6. It was alleged in Germany that the favourable conditions of the balance of payments in 1922 could not exercise a beneficial influence on the German exchange because a great amount of foreign exchange was hoarded instead of being offered on the market. To this abnormal shortening of the supply of foreign bills there corresponded a similar abnormal expansion in the demand.
• Even in 1922, despite the fact that the great depreciation of the mark had already caused enormous losses to foreign possessors of German money, the sales of marks abroad continued. According to a German official publication (Deutschlands Wirt-schaftslage, Berlin, 1923), even in October 1922 the quantity of paper marks sold through some few foreign banking houses amounted to 22 milliards.
t See Plutus of August 1 st, 1923. Also Eucken, Kritische Betrachtungen zum deutschen Geldproblem, 1923, p. 13, and Lansburg, "Die Zahlungsbilanz," in Bank, July 1923. The latter maintains that in 1922, after exports, the expenditure by foreign travellers represented the most important credit item of the German balance of payments.
The disequilibrium between the demand and supply of foreign bills was the result of the following factors:
(a) Having little faith in the political and economic future of Germany and desiring to avoid taxes, German industrialists formed the habit of leaving abroad a part of the profits from exports; that is, the difference between the cost of production and the price which they received by selling abroad.
(b) Even a great part of the foreign money which was obtained by the sale of securities, houses, land, etc., was either left abroad (the "flight of capital") or hoarded at home, so that it did not come on to the exchange market.
(c) The numerous decrees which surrounded the buying of foreign exchange with difficulties, helped to lessen the supply because the possessor of foreign exchange would not give it up at any price, fearing that he would be unable to re-purchase it later when the need arose. If the authorities wished to relieve the foreign exchange market by prohibiting the purchase of foreign exchange by persons who were not traders, it was necessary to supplement the measures restricting the purchase of foreign exchange by issuing stable value securities which would offer to possessors of paper marks the possibility of investing their savings safely. This was the opinion of financial writers: but the proposal was not accepted because it was feared that, following a further depreciation of the mark, the Reich would have to bear at that too h'eavy a burden when it had to redeem the securities. But this argument was groundless, because the issue of a stable-value loan should have formed part of a general plan for the stabilization of the mark.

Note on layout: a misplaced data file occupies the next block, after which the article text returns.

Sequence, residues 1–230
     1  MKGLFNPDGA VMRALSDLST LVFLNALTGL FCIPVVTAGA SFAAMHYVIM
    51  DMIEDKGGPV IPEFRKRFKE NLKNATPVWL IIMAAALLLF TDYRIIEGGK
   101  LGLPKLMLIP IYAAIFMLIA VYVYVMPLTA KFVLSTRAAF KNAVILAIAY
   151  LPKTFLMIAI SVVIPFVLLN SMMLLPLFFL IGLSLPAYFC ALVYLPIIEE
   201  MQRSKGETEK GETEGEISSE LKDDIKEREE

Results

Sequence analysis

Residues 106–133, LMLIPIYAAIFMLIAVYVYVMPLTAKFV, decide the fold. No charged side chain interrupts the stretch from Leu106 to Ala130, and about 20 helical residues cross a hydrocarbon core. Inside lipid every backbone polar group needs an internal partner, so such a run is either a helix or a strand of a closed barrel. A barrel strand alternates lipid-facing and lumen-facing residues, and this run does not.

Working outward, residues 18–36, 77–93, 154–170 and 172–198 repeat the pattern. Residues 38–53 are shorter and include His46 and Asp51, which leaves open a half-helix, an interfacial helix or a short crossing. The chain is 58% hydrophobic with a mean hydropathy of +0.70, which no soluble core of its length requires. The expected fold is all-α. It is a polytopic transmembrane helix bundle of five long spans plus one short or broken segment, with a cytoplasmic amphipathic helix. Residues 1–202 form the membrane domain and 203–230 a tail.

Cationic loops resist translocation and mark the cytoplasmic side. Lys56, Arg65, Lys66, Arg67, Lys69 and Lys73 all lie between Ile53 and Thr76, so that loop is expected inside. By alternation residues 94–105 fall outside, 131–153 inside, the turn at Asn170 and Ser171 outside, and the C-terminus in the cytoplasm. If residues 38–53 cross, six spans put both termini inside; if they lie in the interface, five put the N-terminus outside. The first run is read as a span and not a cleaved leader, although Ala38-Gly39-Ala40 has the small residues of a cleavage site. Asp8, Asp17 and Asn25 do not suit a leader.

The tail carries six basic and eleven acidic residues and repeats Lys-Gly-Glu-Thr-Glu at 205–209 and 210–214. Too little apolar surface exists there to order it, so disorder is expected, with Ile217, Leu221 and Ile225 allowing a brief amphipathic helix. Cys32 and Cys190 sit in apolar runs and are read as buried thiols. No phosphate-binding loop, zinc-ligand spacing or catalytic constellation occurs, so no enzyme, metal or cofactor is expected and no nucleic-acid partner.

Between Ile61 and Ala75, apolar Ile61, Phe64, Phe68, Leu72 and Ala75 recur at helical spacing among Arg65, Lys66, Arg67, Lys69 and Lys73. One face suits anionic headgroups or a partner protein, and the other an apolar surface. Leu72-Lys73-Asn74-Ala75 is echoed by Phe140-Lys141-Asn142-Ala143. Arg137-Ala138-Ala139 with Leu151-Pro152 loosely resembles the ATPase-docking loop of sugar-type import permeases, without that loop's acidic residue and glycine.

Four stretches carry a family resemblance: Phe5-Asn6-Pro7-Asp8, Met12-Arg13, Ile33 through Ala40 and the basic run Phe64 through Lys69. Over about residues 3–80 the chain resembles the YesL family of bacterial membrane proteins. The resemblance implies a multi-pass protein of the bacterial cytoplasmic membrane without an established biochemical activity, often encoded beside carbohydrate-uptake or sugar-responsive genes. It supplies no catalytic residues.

(d) There was a brisk demand for foreign exchange on the part of German possessors of paper marks. More and more, as the mark depreciated, the phenomenon was understood by the public and the mark ceased to be wanted as a "store of value." The mark balances of industrial firms and even of private persons were converted into shares and into foreign exchange. A considerable amount of foreign exchange was therefore continually withdrawn from the market for the purpose of more or less permanent investment. At certain times, as in October 1921, July and August 1922, and in January 1923 after the occupation of the Ruhr, the purchase of foreign exchange by the public assumed the proportions of a pathological phenomenon. The feverish acquisition of foreign exchange explained in great part the rapid fall of the mark which occurred at these periods. The situation of the foreign exchange market then appeared completely dominated by the purchases of the public, which were the consequence of the panic created by political events.
The very rapid and sharp depreciation of the mark was mainly at those times due to psychological causes, operating especially in Germany. Indeed, it was observed at those times that the impetus for the rise of the dollar originated in the German bourses and not in foreign markets, where the mark was generally quoted at a rate somewhat higher than that in Berlin. No one could blame the German investors, who sought to escape the consequences of the depreciation of the mark, by buying foreign exchange. After the "slaughter of the innocents" occasioned by the depreciation of the currency, it could not be expected that the public should continue to deposit their own money in the savings banks or invest it in Government bonds.
(e) As depreciation progressed, the mark was continually rendered more unfit for the function of the circulating medium, and for this purpose foreign exchange took the place of German money. In this way a part of the foreign currencies came to be permanently diverted into the channels of internal circulation.
(/) The depreciation of the mark stimulated an ever-growing speculation in foreign exchange. In this way a certain quantity of foreign currency which passed continually from hand to hand in speculating circles, was diverted from the money market.
(g) The purchase of foreign exchange was a method frequently used by "real" trade for diminishing the risks arising from the fluctuations of the exchange. Merchants who sold goods for future delivery for payment in paper marks protected themselves against the risk of the future depreciation of the mark by buying, at the time the contract was concluded, a corresponding quantity of foreign exchange. The practice of calculating prices in foreign money, which became widespread in the second half of 1922, as a protection against the risks of the depreciation of the paper mark, also resulted in a marked rise in the demand for foreign exchange, because merchants who assumed the obligation of paying a sum in paper marks, varying according to the rate of exchange on the day of payment, had to protect themselves against eventual losses by buying foreign exchange. This practice of insuring against the risk of the depreciation of the mark, which became more and more common towards the end of 1922, contributed therefore to the deterioration of the situation in the foreign exchange market.